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Shukatsu – The Japanese way of planning for death

Kondo-ing propelled minimalism as a way of bettering life. If purging is on the list of your end-of-life plans to eliminate logistical pains for your loved ones, this one is for you.

17 Mar 2023
Shukatsu – The Japanese way of planning for death

Shukatsu has two meanings in Japanese.

Interestingly, the first refers to the process of finding a job; Shukatsu is short for shūshoku katsudō, which means job-hunting activity. This is probably most relevant to college students.

The second refers to the process of planning for death. It’s a play on the first meaning. This is a movement that started sometime around 2009 and has been gaining steady momentum over the years. 

There’s even a Shukatsu Festival, where you can plan in exact detail what your funeral might look like.

Here, you can try out coffins, sample makeup products, hairstyles and nail art, personalise burial attire and take funeral portraits.

Considering Japan’s ageing population, it makes perfect sense. But here’s the kicker: it’s not just the elderly who’re planning for their eventual demise: even people in their 20s and 30s are doing so!


Why are they planning for death so early?

While there are many motivations behind why one might practice Shukatsu, there is one that overwhelmingly takes precedence: The Japanese do not want to inconvenience their family members in the event of their death.

Other reasons include: Worrying they might become incapacitated and unable to look after themselves, as well as be able to die on their own terms.

Interestingly, a lot of the death planning in Japan centers around how to deal with their belongings.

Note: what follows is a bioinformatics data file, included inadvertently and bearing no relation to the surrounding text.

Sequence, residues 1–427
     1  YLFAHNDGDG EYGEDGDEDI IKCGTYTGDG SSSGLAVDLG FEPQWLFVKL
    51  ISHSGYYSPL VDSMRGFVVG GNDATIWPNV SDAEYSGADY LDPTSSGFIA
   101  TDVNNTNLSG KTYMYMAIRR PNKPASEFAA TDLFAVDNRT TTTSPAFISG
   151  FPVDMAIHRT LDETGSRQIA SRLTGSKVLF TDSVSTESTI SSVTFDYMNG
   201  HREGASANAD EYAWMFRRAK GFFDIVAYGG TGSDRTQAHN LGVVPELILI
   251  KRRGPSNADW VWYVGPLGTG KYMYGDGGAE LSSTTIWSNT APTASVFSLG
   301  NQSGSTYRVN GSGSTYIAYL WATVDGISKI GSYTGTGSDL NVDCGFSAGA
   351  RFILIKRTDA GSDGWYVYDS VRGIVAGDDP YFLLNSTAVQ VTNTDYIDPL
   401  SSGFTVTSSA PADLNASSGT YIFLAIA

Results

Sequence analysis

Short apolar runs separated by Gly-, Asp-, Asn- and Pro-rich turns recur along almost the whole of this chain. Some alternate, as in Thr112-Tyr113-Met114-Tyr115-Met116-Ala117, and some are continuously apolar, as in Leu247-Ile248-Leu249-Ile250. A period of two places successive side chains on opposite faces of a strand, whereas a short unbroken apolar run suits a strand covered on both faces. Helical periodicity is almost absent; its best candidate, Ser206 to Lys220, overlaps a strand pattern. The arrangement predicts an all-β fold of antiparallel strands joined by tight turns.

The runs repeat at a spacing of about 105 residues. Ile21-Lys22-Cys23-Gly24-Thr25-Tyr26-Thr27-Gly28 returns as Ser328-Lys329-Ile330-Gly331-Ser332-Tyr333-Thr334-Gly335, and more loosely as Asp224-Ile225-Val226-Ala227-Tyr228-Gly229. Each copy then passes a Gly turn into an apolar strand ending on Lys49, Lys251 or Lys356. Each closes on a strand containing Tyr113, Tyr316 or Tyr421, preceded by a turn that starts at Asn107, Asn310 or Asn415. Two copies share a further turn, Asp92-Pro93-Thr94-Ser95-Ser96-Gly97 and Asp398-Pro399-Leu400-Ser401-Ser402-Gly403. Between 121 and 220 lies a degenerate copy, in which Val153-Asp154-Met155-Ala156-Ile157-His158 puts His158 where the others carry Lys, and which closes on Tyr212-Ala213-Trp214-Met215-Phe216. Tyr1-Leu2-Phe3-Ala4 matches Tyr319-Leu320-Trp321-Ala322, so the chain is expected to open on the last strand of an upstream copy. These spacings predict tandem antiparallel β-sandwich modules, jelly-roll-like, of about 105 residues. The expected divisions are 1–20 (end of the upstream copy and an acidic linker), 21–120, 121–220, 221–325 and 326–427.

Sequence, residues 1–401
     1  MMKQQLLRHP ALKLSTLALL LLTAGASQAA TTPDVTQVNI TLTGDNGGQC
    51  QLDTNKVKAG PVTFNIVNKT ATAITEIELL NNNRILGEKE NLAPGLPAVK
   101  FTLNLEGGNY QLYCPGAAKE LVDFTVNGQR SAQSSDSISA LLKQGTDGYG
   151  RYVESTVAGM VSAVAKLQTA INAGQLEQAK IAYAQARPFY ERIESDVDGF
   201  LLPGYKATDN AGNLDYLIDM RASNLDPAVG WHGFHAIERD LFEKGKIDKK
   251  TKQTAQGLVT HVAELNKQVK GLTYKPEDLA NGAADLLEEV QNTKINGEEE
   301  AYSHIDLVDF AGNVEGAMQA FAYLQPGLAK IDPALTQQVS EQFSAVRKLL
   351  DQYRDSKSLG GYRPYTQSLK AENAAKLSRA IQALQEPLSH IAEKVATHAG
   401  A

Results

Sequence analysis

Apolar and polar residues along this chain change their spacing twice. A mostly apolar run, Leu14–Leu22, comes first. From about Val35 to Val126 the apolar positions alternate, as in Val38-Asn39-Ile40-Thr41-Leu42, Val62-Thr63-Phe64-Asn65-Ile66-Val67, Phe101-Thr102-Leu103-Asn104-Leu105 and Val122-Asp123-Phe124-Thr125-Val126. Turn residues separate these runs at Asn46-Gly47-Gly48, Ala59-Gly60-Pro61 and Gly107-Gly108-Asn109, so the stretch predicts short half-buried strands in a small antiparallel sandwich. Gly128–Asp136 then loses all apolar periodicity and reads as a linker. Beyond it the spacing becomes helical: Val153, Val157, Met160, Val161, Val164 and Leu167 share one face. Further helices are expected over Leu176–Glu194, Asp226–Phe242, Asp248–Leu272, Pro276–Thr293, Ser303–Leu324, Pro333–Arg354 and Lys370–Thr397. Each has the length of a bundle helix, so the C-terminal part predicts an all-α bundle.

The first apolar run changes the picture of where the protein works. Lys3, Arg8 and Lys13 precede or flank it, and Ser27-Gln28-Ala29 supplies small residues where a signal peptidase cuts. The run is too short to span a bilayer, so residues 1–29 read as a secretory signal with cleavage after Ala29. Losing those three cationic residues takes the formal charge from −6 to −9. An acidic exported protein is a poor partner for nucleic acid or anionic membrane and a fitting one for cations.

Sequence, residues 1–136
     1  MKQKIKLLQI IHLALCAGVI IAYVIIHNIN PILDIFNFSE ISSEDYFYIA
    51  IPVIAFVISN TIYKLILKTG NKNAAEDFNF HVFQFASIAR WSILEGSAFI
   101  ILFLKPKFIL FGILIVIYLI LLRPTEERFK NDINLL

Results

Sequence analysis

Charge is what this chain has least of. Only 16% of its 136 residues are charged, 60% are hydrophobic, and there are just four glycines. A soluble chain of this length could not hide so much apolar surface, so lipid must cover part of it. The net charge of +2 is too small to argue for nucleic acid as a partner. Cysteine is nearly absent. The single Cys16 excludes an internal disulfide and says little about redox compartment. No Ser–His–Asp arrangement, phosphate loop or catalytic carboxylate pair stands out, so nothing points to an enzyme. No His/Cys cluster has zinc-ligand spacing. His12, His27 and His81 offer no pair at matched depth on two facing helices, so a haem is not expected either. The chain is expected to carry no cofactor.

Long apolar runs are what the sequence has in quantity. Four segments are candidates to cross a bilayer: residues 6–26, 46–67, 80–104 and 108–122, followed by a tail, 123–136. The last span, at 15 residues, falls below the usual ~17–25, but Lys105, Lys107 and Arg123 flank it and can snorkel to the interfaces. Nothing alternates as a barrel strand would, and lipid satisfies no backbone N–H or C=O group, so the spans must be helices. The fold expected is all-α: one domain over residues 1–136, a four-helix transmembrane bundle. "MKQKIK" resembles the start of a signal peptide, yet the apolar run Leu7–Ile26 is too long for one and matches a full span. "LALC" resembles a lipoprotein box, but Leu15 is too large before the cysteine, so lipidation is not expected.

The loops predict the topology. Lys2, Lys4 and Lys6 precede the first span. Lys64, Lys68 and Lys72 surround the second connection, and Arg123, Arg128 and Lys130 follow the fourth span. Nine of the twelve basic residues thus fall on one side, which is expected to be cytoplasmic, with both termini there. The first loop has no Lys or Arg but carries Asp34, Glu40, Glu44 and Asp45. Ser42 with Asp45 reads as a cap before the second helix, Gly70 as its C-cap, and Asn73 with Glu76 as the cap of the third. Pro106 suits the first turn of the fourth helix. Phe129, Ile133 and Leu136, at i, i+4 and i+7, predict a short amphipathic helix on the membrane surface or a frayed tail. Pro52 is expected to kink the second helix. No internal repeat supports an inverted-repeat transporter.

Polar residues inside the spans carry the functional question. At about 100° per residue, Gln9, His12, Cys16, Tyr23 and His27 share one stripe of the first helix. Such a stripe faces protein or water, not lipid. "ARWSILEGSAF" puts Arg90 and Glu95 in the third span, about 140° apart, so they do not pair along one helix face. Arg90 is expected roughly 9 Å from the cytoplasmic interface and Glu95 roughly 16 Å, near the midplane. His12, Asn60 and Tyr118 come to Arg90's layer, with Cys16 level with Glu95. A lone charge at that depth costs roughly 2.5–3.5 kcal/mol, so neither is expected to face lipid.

People are trying to declutter their lives long before they pass away; to throw things away when they still have the physical strength to do so. There’s an entire industry dedicated to the removal of this!

Almost common is the writing of ‘ending notes.’ These letters or messages convey what is difficult to say in a culture where indirectness is prized. 

The contents can range from sharing traumatic life experiences, to expressing feelings such as love, regret or remorse. Compilations of these messages have also been posthumously published as books! 


Shukatsu for Singapore?

We might not practice Shukatsu (yet) in Singapore, but given that Singapore does have an ageing population, perhaps it’s worth serious consideration.

Apart from clearing your belongings and writing ending notes, there are several things you can do to make your own death as smooth as possible for your loved ones.

These include: 

●      Appointing a lasting power of attorney (LPA). While this doesn’t deal directly with your death, it allows a person who is at least 21 years of age to voluntarily appoint one or more persons to make decisions and act on his behalf should he lose mental capacity one day. A donee can be appointed to act in the two broad areas of personal welfare and property and affairs matters.

●      Writing a will. This is a legal document that dictates how your estate is to be distributed after death. This gives you the ability to specify detailed instructions to be carried out, and who shall receive the inheritance. If you don’t have a will when you pass on, your estimate will be distributed according to the Singapore Intestate Succession Act.

●      Creating Advance Medical Directive. This is a legal document that you sign in advance to inform the doctor treating you (in the event you become terminally ill and unconscious) that you do not want any extraordinary life-sustaining treatment to be used to prolong your life.

●      CPF Nomination. This allows you to decide where your CPF savings go to after you die. Your nominee(s) will also receive your CPF savings more quickly (within five weeks), with no fees charged.

●      Insurance Nomination. The insurance nomination details how you, as the policy owner, want the insurance proceeds to be distributed after you’re gone. 

Planning for your death can be scary, but it doesn’t have to be. Our financial representatives can help you with estate planning, as well as your insurance nomination. 

Let us match you with a qualified financial representative

Our financial representative will answer any questions you may have about our products and planning.


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